Denver Direct: Best Explanation of the Current Financial Crisis
Saturday, October 16, 2010
(Ed. Note: Although I spend 2-3 hours a day reading financial newsletters, I rarely write about it on this blog because I don’t want to influence readers to make fiscal decisions that they may latter regret. You’ve got to do your own research and make your own decisions.)
However, the following newsletter, The Subprime Debacle: Act 2 – John Mauldin’s Weekly E-Letter, was so incisive that I couldn’t resist passing it on. It’s a free signup if you want to keep receiving it.)
There’s trouble, my friends, and it is does indeed involve pool(s), but not in the pool hall. The real monster is hidden in those pools of subprime debt that have not gone away. When I first began writing and speaking about the coming subprime disaster, it was in late 2007 and early 2008. The subject was being dismissed in most polite circles. “The subprime problem,” testified Ben Bernanke, “will be contained.”
My early take? It would be a disaster for investors. I admit I did not see in January that it would bring down Lehman and trigger the worst banking crisis in 80 years, less than 18 months later. But it was clear that it would not be “contained.” We had no idea.
I also said that it was going to create a monster legal battle down the road that would take years to develop. Well, in the fullness of time, those years have come nigh upon us. Today we briefly look at the housing market, then the mortgage foreclosure debacle, and then we go into the real problem lurking in the background. It is The Subprime Debacle, Act 2. It is NOT the mortgage foreclosure issue, as serious as that is. I seriously doubt it will be contained, as well. Could the confluence of a bank credit crisis in the US and a sovereign debt banking crisis in Europe lead to another full-blown world banking crisis? The potential is there. This situation wants some serious attention.
This letter is going to print a little longer. But I think it is important that you get a handle on this issue.
Where is the Housing Recovery?
We are going to quickly review a few charts from Gary Shilling’s latest letter, where he review the housing market in depth. Bottom line, the housing market has not yet begun to recover, and it is not only going to take longer but the decline in prices may be greater than many have forecast. I wrote three years ago that it could be well into 2011 before we get to a “bottom.” That may have been optimistic, given what we will cover in this letter.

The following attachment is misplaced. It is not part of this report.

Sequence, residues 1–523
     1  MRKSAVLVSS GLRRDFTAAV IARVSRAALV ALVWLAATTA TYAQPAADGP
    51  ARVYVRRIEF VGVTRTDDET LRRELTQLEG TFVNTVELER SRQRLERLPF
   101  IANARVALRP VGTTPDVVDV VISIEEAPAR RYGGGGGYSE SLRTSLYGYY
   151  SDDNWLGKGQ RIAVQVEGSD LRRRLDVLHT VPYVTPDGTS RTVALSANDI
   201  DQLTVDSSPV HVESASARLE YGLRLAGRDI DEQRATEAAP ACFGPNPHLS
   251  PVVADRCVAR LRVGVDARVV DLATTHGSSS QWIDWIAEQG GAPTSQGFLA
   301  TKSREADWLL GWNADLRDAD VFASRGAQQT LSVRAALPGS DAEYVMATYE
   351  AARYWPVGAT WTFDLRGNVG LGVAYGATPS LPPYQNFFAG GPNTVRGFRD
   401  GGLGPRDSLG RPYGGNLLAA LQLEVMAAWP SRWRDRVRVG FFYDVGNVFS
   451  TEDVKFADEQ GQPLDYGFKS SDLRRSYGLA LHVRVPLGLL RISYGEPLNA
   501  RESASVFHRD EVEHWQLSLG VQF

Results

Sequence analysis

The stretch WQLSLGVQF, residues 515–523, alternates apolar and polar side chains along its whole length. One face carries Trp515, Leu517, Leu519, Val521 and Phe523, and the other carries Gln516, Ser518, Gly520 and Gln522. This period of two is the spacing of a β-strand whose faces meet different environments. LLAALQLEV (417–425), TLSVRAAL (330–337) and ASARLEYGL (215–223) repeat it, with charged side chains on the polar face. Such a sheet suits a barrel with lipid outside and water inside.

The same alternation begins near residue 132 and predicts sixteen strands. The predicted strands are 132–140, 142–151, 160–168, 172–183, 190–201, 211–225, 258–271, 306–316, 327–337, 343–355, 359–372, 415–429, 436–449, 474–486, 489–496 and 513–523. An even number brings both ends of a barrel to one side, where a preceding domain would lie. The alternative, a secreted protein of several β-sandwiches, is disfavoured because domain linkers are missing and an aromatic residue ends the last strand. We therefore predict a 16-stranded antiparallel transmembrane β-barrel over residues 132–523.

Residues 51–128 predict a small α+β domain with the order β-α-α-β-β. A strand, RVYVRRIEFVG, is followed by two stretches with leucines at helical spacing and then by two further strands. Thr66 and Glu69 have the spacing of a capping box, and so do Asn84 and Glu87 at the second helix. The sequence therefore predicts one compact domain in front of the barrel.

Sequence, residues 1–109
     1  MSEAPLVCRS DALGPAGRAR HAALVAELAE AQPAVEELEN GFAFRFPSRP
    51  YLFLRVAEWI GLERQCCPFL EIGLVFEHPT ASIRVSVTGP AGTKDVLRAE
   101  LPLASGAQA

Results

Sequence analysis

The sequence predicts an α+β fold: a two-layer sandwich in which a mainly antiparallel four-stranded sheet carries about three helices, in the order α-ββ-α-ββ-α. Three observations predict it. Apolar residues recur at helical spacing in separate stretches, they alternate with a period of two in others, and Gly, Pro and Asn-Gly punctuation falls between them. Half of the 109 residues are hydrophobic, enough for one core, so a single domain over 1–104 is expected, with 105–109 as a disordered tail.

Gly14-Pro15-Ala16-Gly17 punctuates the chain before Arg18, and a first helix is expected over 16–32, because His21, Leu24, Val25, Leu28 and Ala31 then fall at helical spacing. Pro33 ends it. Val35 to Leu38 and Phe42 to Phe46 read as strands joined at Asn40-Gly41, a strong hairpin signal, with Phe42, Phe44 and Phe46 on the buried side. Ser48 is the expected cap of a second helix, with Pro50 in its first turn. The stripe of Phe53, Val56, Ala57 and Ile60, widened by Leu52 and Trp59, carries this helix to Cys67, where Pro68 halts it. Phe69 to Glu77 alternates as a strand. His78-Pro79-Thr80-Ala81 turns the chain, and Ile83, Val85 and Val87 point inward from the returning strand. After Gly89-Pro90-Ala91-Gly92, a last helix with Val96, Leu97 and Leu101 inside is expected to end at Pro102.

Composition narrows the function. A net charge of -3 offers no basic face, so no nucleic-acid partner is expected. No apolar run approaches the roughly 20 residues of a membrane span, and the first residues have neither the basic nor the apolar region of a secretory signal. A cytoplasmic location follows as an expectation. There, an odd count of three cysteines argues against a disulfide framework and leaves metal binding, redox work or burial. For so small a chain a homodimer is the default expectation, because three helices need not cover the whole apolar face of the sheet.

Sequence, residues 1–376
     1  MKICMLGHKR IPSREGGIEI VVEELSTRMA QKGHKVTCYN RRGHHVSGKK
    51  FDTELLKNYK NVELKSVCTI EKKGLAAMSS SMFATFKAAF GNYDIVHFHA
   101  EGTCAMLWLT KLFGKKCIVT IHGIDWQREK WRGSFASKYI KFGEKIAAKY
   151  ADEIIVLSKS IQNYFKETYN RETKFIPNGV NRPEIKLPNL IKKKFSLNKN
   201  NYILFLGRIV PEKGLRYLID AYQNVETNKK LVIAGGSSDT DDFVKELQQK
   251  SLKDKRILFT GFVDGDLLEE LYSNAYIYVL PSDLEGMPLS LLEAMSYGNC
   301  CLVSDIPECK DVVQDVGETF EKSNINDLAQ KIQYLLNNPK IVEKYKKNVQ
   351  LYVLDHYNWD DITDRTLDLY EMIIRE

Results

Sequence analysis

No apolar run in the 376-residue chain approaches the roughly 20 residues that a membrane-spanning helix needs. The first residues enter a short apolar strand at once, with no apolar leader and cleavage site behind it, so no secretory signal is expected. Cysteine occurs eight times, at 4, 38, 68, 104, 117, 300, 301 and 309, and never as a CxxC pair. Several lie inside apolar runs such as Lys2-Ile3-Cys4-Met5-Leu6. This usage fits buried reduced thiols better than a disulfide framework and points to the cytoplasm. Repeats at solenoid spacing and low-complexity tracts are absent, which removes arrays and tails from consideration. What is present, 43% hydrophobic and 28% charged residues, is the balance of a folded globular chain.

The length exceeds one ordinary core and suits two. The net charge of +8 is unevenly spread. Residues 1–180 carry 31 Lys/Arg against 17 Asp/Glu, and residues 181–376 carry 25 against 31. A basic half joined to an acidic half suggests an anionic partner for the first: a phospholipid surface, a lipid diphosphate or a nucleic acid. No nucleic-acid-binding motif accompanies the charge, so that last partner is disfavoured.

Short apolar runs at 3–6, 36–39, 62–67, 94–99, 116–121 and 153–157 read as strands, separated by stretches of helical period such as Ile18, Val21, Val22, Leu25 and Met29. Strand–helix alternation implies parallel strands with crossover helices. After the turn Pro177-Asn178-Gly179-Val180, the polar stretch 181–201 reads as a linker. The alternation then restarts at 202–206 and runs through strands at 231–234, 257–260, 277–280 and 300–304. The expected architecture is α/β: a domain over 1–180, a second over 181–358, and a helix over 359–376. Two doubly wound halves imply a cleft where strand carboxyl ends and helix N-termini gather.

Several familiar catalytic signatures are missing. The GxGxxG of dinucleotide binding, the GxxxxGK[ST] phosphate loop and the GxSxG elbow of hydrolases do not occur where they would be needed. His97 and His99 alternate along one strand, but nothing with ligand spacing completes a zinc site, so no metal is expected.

First, existing and new single-family home sales continue to slide, in the wake of the tax rebate that ended earlier this year. We have declined back to the down-sloping trend line. If you are a seller, this is not a pretty picture.
The homebuilding industry, which was the source of so many jobs last decade (aka the good old days), is on its back. This country needs a healthy housing construction market to get back to lower unemployment, and until the overhang in the foreclosure market is cleared out, that is unlikely to happen.
Lending is tighter, as is reasonable. Banks actually expect you to have the ability to pay back the mortgage you take out (solid FICO scores) and want reasonable down payments. Only 47% of applicants have the FICO score to get the best mortgage rates.
(Sidebar: Gary writes, “Furthermore, false appraisals rose 50% in 2009 from 2008. The tax credit for first-time homebuyers cost taxpayers about $15 billion, twice the official forecast, in part due to fraud. Over 19,000 tax filers claimed the credit but didn’t buy houses, while 74,000 who claimed $500 million in refunds already owned homes.” Where are the regulators?)
Shilling thinks prices are likely to fall another 20%. Given what I am writing about in the next section, that is a possibility. There is certainly no demand pressure to push up housing prices.
Finally, two charts on foreclosures. Residential mortgages in foreclosure are near all-time highs, close to 1 in 21 of all mortgages, up from 1 in 100 just four years ago. That’s got to be bad for your profit models.
Anyone who tells you the housing problem is “bottoming” either has an agenda or simply does not pay attention to the data. I really want to see housing bottom and then turn around and the home builders come back; the nation desperately needs the jobs. But my job is to be realistic. When we see 3-4 months of non-stimulus-induced housing sales growth, then we can start talking about bottoms.
But housing sales are not really the issue. Let’s look at the next leg of the problem.
The Foreclosure Mess
OK, in a serendipitous moment, Maine fishing buddy David Kotok sent me this email on the mortgage foreclosure crisis just as I was getting ready to write much the same thing. It is about the best thing I have read on the topic. Saves me some time and you get a better explanation. From Kotok:
“Dear Readers, this text came to me in an email from sources that are in the financial services business and with whom I have a personal relationship. The original text was laced with expletives and I would not use it in the form I received it. Therefore the text below has had some substantial editing in order to remove that language. The intentions of the writer are undisturbed. The writer shall remain anonymous. This text echoes some of the news items we have seen and heard today; however, it can serve as a plain language description of the present foreclosure-suspension mess. There is a lot here. It takes about ten minutes to read it. – David Kotok (www.cumber.com)